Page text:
Women inventors, long overlooked, are churning out more patents than ever

Updated 1247 GMT (2047 HKT) March 26, 2019

(CNN)If you've used Wi-Fi, windshield wipers or a dishwasher -- and who hasn't? -- you have a woman to thank.

Male inventors such as Henry Ford, Nikola Tesla and Alexander Graham Bell get all the press. But this Women's History Month, it's important to note that women have been the masterminds behind some invaluable creations, too.
Take Radia Perlman. She holds more than 100 US patents and paved the way for the development of the internet. Or Beulah Louise Henry, known as "Lady Edison" after she obtained 49 patents for her inventions, including an ice cream freezer. Or Carolyn Bertozzi, named on 50 US patents, who invented her own field of study: bio-orthogonal chemistry. The list goes on.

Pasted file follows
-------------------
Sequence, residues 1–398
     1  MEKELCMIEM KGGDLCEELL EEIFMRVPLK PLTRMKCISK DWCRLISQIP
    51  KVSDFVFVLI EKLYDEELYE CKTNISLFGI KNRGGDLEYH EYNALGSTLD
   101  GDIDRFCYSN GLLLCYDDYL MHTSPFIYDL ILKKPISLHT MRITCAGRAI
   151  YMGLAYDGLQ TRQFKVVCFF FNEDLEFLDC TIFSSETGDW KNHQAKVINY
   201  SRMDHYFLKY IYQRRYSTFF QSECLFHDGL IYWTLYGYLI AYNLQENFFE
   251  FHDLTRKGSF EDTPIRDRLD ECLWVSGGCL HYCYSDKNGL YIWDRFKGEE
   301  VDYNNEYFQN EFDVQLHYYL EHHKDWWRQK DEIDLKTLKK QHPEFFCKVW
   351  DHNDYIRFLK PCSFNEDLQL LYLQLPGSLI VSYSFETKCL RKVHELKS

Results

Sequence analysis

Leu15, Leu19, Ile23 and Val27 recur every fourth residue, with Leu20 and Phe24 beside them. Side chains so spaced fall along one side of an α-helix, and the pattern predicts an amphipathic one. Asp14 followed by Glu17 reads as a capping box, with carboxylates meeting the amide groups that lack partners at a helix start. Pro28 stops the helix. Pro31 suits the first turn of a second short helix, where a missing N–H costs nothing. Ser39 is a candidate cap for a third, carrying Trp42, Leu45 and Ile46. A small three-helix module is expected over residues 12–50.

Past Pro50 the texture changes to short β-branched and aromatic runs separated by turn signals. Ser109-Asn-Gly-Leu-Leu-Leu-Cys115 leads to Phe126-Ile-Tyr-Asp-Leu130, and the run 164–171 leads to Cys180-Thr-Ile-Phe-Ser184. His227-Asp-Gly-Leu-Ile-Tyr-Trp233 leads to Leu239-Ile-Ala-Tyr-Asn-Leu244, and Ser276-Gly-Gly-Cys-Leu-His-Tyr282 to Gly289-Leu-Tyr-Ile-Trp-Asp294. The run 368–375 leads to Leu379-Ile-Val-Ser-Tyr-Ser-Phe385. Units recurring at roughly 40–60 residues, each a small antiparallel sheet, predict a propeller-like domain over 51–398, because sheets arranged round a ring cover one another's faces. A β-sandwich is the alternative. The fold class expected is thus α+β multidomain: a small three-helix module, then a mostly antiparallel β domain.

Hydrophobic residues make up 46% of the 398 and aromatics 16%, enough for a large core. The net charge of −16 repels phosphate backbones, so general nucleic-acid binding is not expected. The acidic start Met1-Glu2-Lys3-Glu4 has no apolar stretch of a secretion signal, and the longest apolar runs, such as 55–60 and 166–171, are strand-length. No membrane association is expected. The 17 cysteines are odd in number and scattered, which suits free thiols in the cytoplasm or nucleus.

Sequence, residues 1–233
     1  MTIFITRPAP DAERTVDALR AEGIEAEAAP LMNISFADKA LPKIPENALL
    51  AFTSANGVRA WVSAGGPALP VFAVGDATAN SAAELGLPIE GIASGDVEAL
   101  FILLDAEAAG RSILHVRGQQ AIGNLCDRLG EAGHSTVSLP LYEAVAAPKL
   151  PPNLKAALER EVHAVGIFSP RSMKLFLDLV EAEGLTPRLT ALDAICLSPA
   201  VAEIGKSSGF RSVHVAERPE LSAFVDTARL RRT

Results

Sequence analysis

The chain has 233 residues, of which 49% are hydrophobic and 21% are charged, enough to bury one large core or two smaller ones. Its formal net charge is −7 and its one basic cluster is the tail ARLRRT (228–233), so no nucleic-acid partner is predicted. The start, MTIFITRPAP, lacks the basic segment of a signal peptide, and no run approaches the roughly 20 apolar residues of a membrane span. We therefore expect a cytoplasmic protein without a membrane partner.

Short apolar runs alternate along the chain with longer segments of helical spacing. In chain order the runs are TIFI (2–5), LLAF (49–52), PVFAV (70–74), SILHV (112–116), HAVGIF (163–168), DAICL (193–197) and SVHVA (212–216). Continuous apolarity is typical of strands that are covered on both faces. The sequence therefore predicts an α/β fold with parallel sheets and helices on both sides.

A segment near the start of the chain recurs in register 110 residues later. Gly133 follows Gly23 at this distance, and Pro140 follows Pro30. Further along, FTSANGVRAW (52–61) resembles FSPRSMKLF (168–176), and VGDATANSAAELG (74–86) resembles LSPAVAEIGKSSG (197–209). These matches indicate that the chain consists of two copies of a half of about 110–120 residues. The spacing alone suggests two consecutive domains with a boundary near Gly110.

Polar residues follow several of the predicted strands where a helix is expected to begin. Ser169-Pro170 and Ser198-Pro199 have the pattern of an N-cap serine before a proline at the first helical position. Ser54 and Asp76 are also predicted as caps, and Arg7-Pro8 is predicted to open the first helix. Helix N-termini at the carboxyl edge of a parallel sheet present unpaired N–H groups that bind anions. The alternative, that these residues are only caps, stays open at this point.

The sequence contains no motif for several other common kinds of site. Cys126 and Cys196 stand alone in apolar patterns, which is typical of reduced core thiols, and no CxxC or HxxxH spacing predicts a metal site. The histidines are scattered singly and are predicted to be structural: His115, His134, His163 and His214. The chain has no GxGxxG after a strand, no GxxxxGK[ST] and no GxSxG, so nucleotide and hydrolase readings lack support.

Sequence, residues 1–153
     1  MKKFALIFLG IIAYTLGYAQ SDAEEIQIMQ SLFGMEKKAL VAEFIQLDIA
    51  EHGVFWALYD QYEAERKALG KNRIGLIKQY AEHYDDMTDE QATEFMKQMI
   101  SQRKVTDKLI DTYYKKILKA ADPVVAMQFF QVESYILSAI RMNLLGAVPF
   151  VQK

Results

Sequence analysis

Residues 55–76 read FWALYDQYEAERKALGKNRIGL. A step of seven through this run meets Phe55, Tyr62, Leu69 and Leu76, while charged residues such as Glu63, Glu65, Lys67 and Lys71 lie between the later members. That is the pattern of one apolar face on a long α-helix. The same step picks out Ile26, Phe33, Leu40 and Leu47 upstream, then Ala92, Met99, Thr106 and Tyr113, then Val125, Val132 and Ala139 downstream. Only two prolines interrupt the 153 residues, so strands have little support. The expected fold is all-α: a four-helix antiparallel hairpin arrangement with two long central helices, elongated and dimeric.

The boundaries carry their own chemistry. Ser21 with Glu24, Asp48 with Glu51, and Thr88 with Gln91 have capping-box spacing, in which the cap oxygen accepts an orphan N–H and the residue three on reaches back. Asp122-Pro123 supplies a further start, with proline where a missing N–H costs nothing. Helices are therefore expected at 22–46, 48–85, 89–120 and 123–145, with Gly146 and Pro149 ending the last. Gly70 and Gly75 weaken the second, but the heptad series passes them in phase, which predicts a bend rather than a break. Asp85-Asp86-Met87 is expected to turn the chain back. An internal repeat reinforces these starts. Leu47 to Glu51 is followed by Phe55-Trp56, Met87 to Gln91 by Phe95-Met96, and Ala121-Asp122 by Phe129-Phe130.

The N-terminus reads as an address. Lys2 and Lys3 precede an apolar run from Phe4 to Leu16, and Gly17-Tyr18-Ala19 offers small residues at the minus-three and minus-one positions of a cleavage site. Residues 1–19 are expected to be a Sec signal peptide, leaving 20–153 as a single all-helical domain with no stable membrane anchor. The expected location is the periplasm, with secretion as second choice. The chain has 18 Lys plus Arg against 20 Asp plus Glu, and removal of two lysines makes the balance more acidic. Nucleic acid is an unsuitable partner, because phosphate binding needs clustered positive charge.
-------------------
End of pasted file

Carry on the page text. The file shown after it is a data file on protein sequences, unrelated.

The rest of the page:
In recent years, women have been churning out more inventions than ever, says the US Patent and Trademark Office.
But women are still seriously outnumbered by men when it comes to obtaining patents. The disparity is so severe that one recent study found -- based on current growth -- that it will take 118 years before the US reaches gender parity among inventors.
Mary Anderson with her schematics for an early version of the windshield wiper, patented in 1903. She got the idea when she toured New York in a trolley car on a snowy day and noticed the driver often had to open his windows to see out.